Jose Should Go Headhunting
First things first: I often see an argument on here about whether or not an orthodox fighter can successfully land his rear leg kick on a southpaw’s lead leg, and vice versa. In these debates I’ve contended that it is possible, just as with any strike, but that success in landing depends on timing, how effective the set up, what the opponent does in the moment, etc. While those in denial often cite Chris Weidman’s bone-breaking (albeit technically beautiful) check against Anderson Silva, even this example follows my stance. Footwork, feints, combinations, speed, aggression all have a way of opening up holes on an opponent. Yes, some likelihoods do exist in fighting, but no situational combination has a guaranteed result. At least as of yesterday, Firas Zahabi agrees with my logic here, as I’m sure many other experts do.
On to my main point, what I have not seen discussed here or elsewhere: Jose targeting Conor’s head, not his leg. Simply put, by head-kicking in range, or even just body-kicking, Jose can use his most dangerous weapon to directly harm Conor’s .
Now, to breaking things down a bit, should Jose land his kick on Conor’s upper body, he will force Conor to use his left arm to protect himself, either by employing a single-arm block (using just his left arm) or a more cumbersome, but more effective, double-arm block (stacking up his left arm as a shield, essentially the single-arm block, but using his right hand to catch the kick as it arrives, as to buffer the impact). Whether Conor opts for a single- or double-arm block, the high kick not only ties up Conor’s devastating rear hand, it also weakens more and more with each kick blocked. In order for Conor to save his neck – literally – from a kick about to land, he must sacrifice his left hand, wrist, and forearm, a collection of bones highly susceptible to injury. If Jose can manage to take nearly all the power off Conor’s cross, which would happen should he break that left hand, then Conor’s chances of KO-ing Jose are significantly diminished, along with the chances of Conor winning the fight.
Naturally, this strategy beckons us to consider Jose’s risks in headhunting. Perhaps the biggest deterrent to head kicks in MMA is the takedown, and I think we can agree that Jose is not worried about Conor taking him down, that in fact he would probably welcome it. In past fights, takedown attempts on Jose have tended to be huge wastes of energy – energy that Conor, like any fighter, will need should the fight go 15+ minutes. Furthermore, Jose has proven deadly in the scramble (I can still hear the knee he landed on Chad Mendes), and Jose is vastly more proven on the ground. Maybe Conor has something secret up his trunks, but for all we know Conor is striker, not a wrestler, whereas Aldo has both world-class takedown defense and world-class BJJ. We can safely scratch this off the list.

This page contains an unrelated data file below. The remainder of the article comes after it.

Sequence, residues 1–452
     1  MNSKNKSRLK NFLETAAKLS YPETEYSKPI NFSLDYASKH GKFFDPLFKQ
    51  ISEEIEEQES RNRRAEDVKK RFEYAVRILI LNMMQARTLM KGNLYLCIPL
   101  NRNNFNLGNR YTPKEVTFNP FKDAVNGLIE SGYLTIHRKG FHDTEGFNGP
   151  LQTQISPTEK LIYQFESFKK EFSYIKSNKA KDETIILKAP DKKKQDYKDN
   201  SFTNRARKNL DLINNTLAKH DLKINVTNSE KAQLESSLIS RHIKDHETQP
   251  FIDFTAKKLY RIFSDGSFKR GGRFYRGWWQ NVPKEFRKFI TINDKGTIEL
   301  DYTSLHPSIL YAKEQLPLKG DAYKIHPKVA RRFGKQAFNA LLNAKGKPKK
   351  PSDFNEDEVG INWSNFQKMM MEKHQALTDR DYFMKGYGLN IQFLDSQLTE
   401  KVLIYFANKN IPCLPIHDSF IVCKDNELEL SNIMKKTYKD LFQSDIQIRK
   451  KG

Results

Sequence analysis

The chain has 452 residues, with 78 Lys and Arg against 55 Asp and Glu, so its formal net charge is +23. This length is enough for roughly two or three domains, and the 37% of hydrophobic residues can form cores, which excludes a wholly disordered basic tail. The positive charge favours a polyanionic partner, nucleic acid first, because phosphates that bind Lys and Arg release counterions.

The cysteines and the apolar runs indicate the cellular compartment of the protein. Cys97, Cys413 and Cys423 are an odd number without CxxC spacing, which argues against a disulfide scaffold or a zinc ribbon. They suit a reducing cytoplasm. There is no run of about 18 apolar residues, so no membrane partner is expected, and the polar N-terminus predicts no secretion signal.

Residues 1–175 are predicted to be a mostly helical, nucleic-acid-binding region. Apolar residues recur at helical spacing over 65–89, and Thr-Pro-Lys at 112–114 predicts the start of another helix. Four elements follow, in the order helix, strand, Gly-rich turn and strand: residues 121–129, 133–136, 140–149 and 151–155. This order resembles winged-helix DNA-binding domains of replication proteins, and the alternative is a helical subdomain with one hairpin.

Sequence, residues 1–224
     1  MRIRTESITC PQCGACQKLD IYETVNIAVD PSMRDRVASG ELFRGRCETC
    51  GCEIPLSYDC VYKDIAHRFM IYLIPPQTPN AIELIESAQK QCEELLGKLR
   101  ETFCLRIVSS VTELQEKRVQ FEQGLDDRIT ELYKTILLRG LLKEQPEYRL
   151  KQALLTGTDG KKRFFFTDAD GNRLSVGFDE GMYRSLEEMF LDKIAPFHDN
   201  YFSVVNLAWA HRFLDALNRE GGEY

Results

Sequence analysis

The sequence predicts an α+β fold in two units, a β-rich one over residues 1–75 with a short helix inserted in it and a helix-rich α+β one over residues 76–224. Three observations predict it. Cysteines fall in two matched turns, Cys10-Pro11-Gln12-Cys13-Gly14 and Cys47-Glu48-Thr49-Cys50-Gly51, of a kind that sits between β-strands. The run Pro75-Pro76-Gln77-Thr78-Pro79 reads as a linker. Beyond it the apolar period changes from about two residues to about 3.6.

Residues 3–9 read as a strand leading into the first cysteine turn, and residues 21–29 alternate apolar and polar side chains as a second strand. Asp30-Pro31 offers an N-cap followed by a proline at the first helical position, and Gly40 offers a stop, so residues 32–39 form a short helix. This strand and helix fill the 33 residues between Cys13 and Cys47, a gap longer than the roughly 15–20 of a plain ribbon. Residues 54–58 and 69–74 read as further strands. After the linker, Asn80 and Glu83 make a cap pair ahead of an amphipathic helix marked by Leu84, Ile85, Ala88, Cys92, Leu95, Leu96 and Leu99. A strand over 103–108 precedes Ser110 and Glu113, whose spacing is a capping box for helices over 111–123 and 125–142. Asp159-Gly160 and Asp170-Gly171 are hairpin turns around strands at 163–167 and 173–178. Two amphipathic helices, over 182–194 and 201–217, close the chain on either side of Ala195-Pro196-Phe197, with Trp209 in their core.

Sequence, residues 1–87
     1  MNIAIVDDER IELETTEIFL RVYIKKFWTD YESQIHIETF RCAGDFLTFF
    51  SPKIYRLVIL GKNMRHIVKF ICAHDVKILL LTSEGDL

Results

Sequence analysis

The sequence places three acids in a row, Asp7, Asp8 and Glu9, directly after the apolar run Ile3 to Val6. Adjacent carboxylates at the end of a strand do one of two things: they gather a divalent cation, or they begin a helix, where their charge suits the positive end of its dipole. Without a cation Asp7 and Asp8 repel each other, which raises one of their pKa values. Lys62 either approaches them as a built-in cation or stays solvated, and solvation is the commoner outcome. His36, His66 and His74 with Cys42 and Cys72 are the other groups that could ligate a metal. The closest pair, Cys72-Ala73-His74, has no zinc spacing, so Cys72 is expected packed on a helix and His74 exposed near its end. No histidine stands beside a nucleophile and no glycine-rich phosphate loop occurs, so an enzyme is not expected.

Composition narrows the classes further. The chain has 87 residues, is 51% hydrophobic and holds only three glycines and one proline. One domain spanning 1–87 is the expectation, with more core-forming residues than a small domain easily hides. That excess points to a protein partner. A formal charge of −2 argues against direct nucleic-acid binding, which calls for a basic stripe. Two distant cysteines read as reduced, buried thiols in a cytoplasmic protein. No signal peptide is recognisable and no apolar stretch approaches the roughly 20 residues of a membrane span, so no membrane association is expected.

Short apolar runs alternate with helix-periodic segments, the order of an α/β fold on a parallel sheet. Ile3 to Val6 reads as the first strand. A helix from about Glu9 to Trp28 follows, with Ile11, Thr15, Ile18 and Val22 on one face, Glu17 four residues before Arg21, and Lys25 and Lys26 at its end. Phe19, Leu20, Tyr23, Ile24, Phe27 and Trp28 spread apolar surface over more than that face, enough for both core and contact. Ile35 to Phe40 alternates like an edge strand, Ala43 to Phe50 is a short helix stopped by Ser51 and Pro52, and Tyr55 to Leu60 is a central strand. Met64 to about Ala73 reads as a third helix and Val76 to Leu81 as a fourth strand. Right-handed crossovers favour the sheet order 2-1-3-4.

When it comes to striking, though, could Conor catch Jose with a big counter as he comes upstairs? Absolutely. A straight punch beats a same-side hook, let alone a same-side head kick, and if Conor times this exchange just right then he could win the fight instantly. Also while on the feet, Conor’s angling and evasiveness – whether making effective use of the lean back technique, or some creative bobbing & weaving – could prove so effective that even Jose cannot force Conor to consistently block upstairs.
In the pocket, however, the risk/reward dynamic revisits my earlier claim, “that success in landing depends on timing, how effective the set up, what the opponent does in the moment, etc”. Based on opinions infinitely more experienced than my own, Jose is nightmarishly athletic and deceptive, always seeming to explode his way one step ahead. In fight after fight, he has demonstrated both that he likes stand his ground yet that he does not get cornered easily. Jose has also demonstrated the ability to rush his opponent effectively with punches – generally employing quick, fundamental punching combinations – in order to finish with a hard kick, at times opting to go “Dutch by ending with a liver hook into rear leg kick.
I’ve already explained the primary benefit of finishing these sort of rushes with high kicks; I’ll also clarify another obvious benefit: by going upstairs from the start, Jose will effectively set up his ability to leg kick later. Traditionally, fighters first go low in order to set up going high; in this fight we could actually see the reverse simply because Jose’s rear leg kick is known to be such a weapon. Taking this a step further, later in the fight, in the throes and confusion of a drawn-out war, Conor might begin anticipating Jose’s low kicks should he start landing them effectively, when all of the sudden Jose could come back with a ferocious kick upstairs, ending the fight instantly. So even if Jose opens up head-kicking this fight could still see the more traditional progression play out, only on delay.
To wrap things up, I’m sure this will get bumped and ridiculed should Conor destroy Jose, which is fine by me, though I should clarify now that I’m not saying that any of this will happen, or that Jose will win, or that Conor is any sort of slouch. Let me be clear: Conor is an extraordinary fighter and Conor very well may dominate Jose.
I will claim, however, that leg kicks do not always have to be set up by punches, and that shin bones are stronger than arm bones, and that hard punches tend not to hurt shins, but that hard kicks tend to hurt hands. Most of all, I claim that anything can happen in a fight and that I’m pumped to see this unfold. As of now, if I could pair any two fighters to battle in a trilogy, I’d be perfectly happy to pick these two.